The same thing could be said about Parliament. Greek-Catholics do not choose their MPs, neither do Shiites in separate bodies of voters. All voters, regardless of their communal belonging, vote to fill the same seats that are not necessarily attributed to candidates that belong to their community: Maronites and Greek-Catholics in Tyre, for instance, can only vote for a Shiite candidate. Maronites, Sunnis and Shiites in Koura can only choose between Greek-Orthodox candidates… In the years preceding the war, there was the famous case of Najah Wakim. He was a young pro-Nasser, secular arab nationalist politician who was born into the Greek-Orthodox community. He ran in a mixed constituency and won his seat in parliament thanks to sunni votes, while an overwhelming majority of his coreligionists had voted for another candidate. There was great discontent within the Greek-Orthodox community, but nothing could be done to invalidate his election: an MP doesn’t represent his religious community but the Lebanese nation.
- The legitimacy rule: all authority that contradicts the ‘pact of communal coexistence’ is considered illegitimate لا شرعية لأي سلطة تناقض ميثاق العيش المشترك· (preamble). This rule has been interpreted in the last decade as meaning that the “true” political representatives of the different Lebanese communities should be represented in government.
Beyond political slogans. How do these rules translate in the formation of governments?
According to our constitutional rules, there is no such thing as representatives of communities ممثلين ظوائف.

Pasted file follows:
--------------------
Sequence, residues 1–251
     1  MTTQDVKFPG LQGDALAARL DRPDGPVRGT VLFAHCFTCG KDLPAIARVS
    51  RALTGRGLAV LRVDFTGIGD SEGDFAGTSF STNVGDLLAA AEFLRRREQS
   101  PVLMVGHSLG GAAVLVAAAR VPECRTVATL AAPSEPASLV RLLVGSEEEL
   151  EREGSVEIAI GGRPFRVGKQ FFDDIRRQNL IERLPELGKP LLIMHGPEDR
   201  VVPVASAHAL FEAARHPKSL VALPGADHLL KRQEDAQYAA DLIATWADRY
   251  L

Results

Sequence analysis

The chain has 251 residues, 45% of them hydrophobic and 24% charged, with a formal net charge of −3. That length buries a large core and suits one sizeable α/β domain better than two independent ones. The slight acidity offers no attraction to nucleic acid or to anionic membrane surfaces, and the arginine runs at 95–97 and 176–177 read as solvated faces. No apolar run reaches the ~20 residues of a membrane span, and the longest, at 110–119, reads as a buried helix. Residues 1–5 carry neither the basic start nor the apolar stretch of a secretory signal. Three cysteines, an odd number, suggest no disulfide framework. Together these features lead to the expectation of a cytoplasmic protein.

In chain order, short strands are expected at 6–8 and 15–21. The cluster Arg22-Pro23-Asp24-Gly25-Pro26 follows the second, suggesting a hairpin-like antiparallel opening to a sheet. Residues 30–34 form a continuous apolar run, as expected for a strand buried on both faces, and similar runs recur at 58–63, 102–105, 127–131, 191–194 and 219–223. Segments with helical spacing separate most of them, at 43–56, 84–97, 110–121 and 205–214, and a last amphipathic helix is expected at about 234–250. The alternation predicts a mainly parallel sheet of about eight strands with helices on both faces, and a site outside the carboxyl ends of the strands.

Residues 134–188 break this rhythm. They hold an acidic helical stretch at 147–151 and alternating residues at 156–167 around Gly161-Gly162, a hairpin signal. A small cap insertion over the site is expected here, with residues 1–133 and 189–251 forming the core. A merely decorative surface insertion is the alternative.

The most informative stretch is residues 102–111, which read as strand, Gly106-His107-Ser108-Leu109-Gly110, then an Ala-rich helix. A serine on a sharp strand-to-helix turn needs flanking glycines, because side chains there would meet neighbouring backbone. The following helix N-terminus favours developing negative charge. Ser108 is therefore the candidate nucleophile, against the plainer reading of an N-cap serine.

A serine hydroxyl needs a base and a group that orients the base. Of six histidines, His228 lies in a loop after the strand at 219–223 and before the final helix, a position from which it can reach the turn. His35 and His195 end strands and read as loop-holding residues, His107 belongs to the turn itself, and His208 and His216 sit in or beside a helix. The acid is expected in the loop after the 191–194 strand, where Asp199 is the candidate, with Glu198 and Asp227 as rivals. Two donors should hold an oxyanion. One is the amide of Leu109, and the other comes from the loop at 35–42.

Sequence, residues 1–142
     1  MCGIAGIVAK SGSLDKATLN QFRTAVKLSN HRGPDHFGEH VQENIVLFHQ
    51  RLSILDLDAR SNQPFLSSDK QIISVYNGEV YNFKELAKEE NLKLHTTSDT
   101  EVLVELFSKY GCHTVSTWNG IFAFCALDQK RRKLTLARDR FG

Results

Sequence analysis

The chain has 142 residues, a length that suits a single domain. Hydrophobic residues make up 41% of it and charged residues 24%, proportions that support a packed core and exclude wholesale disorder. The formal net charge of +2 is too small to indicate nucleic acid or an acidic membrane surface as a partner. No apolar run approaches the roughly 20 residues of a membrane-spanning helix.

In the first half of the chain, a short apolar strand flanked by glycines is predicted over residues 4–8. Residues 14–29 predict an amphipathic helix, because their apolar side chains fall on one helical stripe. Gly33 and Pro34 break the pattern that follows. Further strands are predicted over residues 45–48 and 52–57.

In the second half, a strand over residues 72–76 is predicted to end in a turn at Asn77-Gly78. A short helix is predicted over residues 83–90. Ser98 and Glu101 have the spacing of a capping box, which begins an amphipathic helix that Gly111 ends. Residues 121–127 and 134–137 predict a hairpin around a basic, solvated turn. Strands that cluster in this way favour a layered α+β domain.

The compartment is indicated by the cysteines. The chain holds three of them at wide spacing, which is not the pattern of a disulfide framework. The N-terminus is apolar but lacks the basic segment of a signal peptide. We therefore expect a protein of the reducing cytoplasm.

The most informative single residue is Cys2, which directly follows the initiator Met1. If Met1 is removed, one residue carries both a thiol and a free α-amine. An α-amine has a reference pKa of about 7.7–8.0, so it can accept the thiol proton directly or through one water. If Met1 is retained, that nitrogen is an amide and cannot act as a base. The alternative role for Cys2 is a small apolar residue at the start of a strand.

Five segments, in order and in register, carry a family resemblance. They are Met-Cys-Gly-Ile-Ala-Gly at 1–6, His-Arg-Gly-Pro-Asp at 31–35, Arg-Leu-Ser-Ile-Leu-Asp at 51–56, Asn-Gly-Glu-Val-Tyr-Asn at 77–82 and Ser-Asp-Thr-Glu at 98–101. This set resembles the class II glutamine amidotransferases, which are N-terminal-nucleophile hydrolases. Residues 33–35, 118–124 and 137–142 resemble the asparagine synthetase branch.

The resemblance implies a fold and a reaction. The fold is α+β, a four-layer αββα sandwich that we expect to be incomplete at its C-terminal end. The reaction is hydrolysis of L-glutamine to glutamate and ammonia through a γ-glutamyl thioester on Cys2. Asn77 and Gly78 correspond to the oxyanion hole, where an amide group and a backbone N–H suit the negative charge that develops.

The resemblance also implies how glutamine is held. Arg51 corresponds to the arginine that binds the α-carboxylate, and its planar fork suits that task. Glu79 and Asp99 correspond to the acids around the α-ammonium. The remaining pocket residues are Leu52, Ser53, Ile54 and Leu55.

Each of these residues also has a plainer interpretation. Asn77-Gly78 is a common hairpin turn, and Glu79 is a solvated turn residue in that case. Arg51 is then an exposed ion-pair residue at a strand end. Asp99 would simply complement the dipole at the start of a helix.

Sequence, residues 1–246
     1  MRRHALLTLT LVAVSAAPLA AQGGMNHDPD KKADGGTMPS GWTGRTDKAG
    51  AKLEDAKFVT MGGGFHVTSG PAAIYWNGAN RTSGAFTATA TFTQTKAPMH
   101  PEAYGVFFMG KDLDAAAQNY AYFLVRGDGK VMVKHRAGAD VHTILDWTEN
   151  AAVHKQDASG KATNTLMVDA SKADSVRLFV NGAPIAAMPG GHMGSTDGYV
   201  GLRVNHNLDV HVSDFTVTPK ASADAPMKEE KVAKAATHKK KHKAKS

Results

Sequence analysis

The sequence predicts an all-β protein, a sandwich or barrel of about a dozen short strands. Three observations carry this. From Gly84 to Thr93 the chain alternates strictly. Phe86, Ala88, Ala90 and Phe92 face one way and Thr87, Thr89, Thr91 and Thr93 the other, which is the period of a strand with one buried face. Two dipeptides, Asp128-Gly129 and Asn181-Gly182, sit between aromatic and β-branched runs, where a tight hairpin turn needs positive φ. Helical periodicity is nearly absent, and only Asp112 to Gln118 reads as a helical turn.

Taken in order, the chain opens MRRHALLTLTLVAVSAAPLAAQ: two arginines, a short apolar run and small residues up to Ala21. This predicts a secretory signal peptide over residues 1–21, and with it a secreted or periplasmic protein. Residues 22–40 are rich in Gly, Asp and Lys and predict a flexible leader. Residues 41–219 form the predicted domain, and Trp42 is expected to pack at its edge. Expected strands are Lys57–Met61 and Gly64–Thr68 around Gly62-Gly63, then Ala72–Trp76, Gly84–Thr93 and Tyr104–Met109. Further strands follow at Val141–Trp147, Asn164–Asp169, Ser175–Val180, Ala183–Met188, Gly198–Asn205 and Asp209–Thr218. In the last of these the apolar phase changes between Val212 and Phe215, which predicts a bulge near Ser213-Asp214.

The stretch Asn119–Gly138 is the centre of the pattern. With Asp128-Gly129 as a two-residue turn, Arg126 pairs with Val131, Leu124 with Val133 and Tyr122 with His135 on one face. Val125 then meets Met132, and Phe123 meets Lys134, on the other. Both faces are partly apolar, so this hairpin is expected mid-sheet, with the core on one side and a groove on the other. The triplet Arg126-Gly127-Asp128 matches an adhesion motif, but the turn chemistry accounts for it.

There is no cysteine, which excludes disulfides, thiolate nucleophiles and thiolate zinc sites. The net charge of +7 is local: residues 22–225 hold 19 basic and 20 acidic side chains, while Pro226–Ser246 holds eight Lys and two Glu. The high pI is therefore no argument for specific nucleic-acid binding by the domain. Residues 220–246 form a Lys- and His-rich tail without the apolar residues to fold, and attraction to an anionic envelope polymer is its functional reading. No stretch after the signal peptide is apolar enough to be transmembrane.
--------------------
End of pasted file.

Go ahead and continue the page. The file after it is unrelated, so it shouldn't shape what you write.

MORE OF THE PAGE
However, this idea gained ground after Taef when Nabih Berri, Walid Joumblatt and Rafik Hariri fought to secure their dominant position within their communities. While most Christian leaders were marginalised because of their opposition to the Syrian Mandate, they also helped , and when the Christian opposition to Syria (Free Patriotic Movement, Lebanese Forces, Kataeb, National Liberal Party & National Bloc) claimed to be the true “representative of Christians”.
This being said, shares are allocated to members of communities and not to communities (الحصص معطاة لابناء طائفة، وليس للطائفة). So the FPM could in principle have a Shiite minister (and he doesn’t have to be a parliamentarian, it could be for instance Ramzi Kanj), just like the Kataeb could have a Druze minister (highly improbable), or Jumblatt can have one or two Christian ministers (a well established practice since 1992, I believe)… This doesn’t diminish the communal shares, and some political parties are willing to go into such arrangements.
In the second Siniora Government, March VIII accepted to relinquish its share of Christian ministers so as to give it to Aoun’s FPM (Berri stopped having his Christian minister, & Suleiman Frangieh wasn’t represented). Likewise, Joumblat relinquished his Christian Minister (for the first time since 1992 I believe) for an “independent” close to Future Movement… Lastly, Amal and Hezbollah accepted to concede a Shiite seat to an “independent” backed by the Future Movement (Ibrahim Chamseddine) so as to give the FPM’s bloc an extra seat within the numerical arrangement.